Firearm: Lionheart Industries Regulus Blackout Alpha (MSRP: $999)
The Lionheart Industries Regulus Blackout Alpha is one of the more interesting pistols we’ve featured here on “I Carry.” While it looks like a traditional double-action/single action pistol like a SIG Sauer P226 or Beretta 92, it has what Lionheart calls the “Double Action Plus” operating system. In addition to the standard, first-round double-action pull that cocks and then releases the hammer and the subsequent lighter single-action pull, the Regulus has the “Plus” whereby the cocked hammer can be safely lowered, resulting in a third type of trigger pull with a longer throw but lighter pull.
With a 4.1-inch barrel, overall length of 7.4 inches and height of 5.2 inches, the Regulus Blackout Alpha is on the larger side for a concealed handgun, but certainly not unreasonably so. Unloaded, the weight is 27.3 ounces, only a few ounces more than a Glock G17. Total capacity is 19 rounds, giving a good reason for the size and weight of the Alpha. It’s certainly no harder to conceal than a G17 or full-size M&P, and certainly as easy to control with its full-size G-10 grips and ample texturing.
Other amenities on the Regulus Blackout Alpha include Novak Fixed LoMount Carry wide-notch rear sight and Novak green fiber-optic front sight. These sit in standard 1911 dovetails, so a world of aftermarket options is available should you want to change sights. Night sights are available for a modest upcharge. Lionheart’s proprietary Tru-Axis barrel is noted for its accuracy, while a three-slot accessory rail graces the dustcover should a light or laser be desired. There’s an ambidextrous safety lever but no decocking mechanism, a massive slide stop lever and a small but useful magazine release to round out the controls.
If the Double-Action Plus operating system of the Regulus Blackout Alpha seems familiar, you might remember a similar system on the DP-51/K5 pistol from Daewoo in the 1980s. As for the styling, there’s elements of the SIG P226 and maybe the Smith & Wesson Model 59 tossed in. It is definitely a unique pistol with plenty to offer today’s concealed-carry practitioner, particularly those who are fans of the DA/SA operating system.
Holster: Black Arch Rev-Con holster (MSRP: $54.95)
With the Lionheart Alpha’s multiple modes of operation, it’s only fitting that the holster chosen to carry it should be adaptable as well. Black Arch Holster’s Rev-Con holster is, as the name implies, both reversible for right- or left-handed shooters and convertible between inside- and outside-the-waistband carry. Single-sheet kydex construction is sturdy and minimalist, offering full coverage of the pistol with a minimum of bulk.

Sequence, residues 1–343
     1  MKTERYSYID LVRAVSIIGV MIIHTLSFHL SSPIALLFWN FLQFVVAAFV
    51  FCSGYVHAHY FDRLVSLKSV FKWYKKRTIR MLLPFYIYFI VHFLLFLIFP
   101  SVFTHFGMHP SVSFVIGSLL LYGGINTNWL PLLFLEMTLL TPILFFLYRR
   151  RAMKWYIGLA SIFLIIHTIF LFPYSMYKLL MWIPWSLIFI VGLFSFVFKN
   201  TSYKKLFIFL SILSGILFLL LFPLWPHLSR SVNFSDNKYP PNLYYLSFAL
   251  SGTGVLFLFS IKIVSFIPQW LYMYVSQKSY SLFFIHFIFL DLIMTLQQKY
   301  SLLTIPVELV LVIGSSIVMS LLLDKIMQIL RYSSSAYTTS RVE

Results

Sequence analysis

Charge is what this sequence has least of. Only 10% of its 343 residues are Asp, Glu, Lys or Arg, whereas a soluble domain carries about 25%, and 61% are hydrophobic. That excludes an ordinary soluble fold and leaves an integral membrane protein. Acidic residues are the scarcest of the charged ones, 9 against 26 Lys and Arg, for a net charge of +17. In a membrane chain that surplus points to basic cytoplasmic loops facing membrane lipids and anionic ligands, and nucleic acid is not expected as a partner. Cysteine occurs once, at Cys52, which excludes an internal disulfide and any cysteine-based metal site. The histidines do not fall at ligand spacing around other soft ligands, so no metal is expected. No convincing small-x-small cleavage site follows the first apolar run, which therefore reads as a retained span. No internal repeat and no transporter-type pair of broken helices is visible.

Offering an open muzzle for threaded barrels, an extended sight channel for suppressor-height sights and an optics cut, the Rev-Con should accommodate pretty much any setup you might want. A variety of belt-attachment options and colors are available, and the Rev-Con can be ordered for pistols with lights attached as well. With a starting price of slightly more than $50, even fully kitted out the Rev-Con is quite affordable.
Accessory: Nebo Slim+1200 light (MSRP: $49.99)
Since the pistol and holster in today’s kit are so versatile, we needed a comparable light to round things out. Nebo’s Slim+1200 light fills this niche nicely, offering seven different light settings including two red-light settings for times when maintaining low-light awareness is important. In “turbo” setting, 1,200 lumens are available; high, medium and low settings offer 700, 350 and 30 lumens respectively. A 700-lumen strobe rounds out the white-light settings, while in the red-light setting, there’s an 8-lumen low and a strobe.
The Slim+ does more than just offer a number of light settings, though. There’s a red laser available should you need to highlight items at distance, but the most interesting part is that the Slim+ operates as a power pack. With an internal lithium-ion battery and a USB-C charging port, you can recharge your smartphone and other devices with the Slim+1200. That’s convenient indeed, and all for about the same price as a higher-end power pack.